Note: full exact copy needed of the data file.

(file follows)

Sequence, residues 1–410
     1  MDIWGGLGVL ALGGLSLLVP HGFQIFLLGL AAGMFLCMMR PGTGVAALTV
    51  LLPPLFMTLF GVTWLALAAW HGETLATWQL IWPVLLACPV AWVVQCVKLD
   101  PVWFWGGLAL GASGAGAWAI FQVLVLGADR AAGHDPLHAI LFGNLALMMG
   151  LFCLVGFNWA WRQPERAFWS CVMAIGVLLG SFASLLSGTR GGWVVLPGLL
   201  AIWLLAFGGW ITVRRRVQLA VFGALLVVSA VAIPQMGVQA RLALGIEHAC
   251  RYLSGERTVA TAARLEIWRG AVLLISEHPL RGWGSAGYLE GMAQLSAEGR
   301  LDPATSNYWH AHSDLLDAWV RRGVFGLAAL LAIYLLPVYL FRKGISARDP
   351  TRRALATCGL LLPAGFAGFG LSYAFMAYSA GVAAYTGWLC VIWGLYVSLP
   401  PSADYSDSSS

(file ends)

Sequence, residues 1–410
     1  MDIWGGLGVL ALGGLSLLVP HGFQIFLLGL AAGMFLCMMR PGTGVAALTV
    51  LLPPLFMTLF GVTWLALAAW HGETLATWQL IWPVLLACPV AWVVQCVKLD
   101  PVWFWGGLAL GASGAGAWAI FQVLVLGADR AAGHDPLHAI LFGNLALMMG
   151  LFCLVGFNWA WRQPERAFWS CVMAIGVLLG SFASLLSGTR GGWVVLPGLL
   201  AIWLLAFGGW ITVRRRVQLA VFGALLVVSA VAIPQMGVQA RLALGIEHAC
   251  RYLSGERTVA TAARLEIWRG AVLLISEHPL RGWGSAGYLE GMAQLSAEGR
   301  LDPATSNYWH AHSDLLDAWV RRGVFGLAAL LAIYLLPVYL FRKGISARDP
   351  TRRALATCGL LLPAGFAGFG LSYAFMAYSA GVAAYTGWLC VIWGLYVSLP
   401  PSADYSDSSS